Saturday, July 25, 2009

"No Child Left Behind" or "No Child Left Alive?"


July 24, 2009

Dear President Obama:


I know you’ve got your hands full: the economy imploded last year and millions are unemployed; two insanely expensive wars still rage; the American people are suffering badly with lack of healthcare, or healthcare that’s unaffordable. The world as we know it is changing quickly, often in bad ways—thanks to out-of-control pollution and global warming that we either won’t admit to or can’t fix (not that we have the money to, anyway). And those pesky conservatives are praying for you to “fail” and trying to stymie your efforts for positive change at every turn. 


Nevertheless, despite all the chaos and all the issues on your ambitious agenda, I must plead with you to focus on one more:  education.  As I was writing this yesterday, you were speaking about a race to the top for American students. Sounds great; let's get to the top. Let's just, please, not make the same stupid mistakes as before.

The biggest mistake (maybe ever?) in education is, to my mind,  No Child Left Behind (I shudder even typing those hateful words). NCLB, as it is known, and as you surely know it, is a reform enacted by the Bush Administration. It is a plan that seems, on its surface (or seemed, when it was first introduced so many years ago) to be a no-brainer. Who wants children to be left behind, especially American children? Who could ever say, “Yeah, let’s just leave them behind?"  It’s like a for-us-or-against-us patriotic issue—but what else would you expect from the administration of George W. Bush?


In actuality, however, NCLB in its seven frustrating years of existence has been destroying, not improving, our entire educational system and hurting exactly the students it purports to help.


I beg you now to eradicate it. As a teacher and as a mother, as an educated person who finds NCLB about as callously simplistic in its practice as “Just Say No” was for The War on Drugs when Nancy Reagan touted it so many years ago, I ask you please, Sir, dismantle this plan.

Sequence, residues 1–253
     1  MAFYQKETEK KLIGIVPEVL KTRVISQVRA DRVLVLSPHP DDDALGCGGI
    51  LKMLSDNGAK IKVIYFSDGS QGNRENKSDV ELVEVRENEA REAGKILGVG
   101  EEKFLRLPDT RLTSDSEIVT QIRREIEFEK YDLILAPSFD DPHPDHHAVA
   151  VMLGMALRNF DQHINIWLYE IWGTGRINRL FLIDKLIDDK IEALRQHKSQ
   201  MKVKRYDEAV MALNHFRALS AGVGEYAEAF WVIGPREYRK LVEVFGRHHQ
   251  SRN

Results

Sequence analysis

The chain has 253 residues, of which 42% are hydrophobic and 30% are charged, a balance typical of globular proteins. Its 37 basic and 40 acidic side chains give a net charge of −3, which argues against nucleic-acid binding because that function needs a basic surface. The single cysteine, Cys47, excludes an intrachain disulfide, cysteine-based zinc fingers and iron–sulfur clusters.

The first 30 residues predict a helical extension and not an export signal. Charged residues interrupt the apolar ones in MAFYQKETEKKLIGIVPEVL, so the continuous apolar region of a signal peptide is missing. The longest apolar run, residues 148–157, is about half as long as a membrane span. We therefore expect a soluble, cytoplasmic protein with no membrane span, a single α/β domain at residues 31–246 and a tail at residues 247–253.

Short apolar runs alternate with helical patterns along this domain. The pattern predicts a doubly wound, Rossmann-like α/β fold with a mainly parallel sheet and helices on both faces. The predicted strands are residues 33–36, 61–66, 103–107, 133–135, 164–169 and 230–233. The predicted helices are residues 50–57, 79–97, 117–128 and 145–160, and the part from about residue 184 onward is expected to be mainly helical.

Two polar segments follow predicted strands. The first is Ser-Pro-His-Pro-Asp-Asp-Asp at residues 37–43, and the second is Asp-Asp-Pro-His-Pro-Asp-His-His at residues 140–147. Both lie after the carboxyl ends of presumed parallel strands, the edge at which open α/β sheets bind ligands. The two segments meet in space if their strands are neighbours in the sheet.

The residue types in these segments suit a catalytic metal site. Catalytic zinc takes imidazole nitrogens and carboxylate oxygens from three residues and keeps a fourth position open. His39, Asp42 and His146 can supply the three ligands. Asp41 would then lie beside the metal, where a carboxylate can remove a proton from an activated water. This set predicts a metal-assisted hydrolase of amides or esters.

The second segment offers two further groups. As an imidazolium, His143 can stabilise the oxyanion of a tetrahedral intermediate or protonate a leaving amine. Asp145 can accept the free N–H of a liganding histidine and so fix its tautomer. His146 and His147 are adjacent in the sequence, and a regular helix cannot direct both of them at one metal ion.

NCLB, while it aims to provide top-notch education to all American students (or, at least, aims to show that our students must be decently prepared, given their scores on certain tests) actually turns school into a factory-like system. Students in certain years spend literally months doing nothing but preparing for standardized tests, which are then used to chart the school’s “progress.” Those school districts whose students do not score a certain percentage at a Proficient level (which is ever-increasing) are then penalized and, soon afterward, shut down.


The worst part of NCLB is that it hurts the students who need help the most. Schools in poor areas, and in cities, or schools with large and diverse student populations, may not have had the funding in years past (or may not ever have attracted the most experienced or skilled teachers) to prepare every student to the utmost. These are the schools that get warnings—making teachers so paranoid that they will literally do nothing but “teach to the test.” These are the schools that then get closed, leaving the already-hurting students to go bring down the quotas somewhere else, while often needing to travel an hour each way to do it—which they can usually ill-afford.


Principals and teachers live in fear of NCLB. It is making their jobs nightmarish. It is turning our kids off.  Children are bored to tears with the constant drilling they endure, the lack of learning for learning’s sake, the total absence of inspiration, creativity, and room for “extras” such as field trips, library time, art, and gym--or just plain fun. NCLB is making school a miserable place and doing exactly what I believe, as an educator, is the worst thing that an educational system can do: ascribing meaning only to test scores and to numbers.  The only good thing to be said about NCLB is that kids have opportunities to win iPods if they score well as a group (the school then holds a lottery; yes, this happens where I live; that’s how messed up the program is).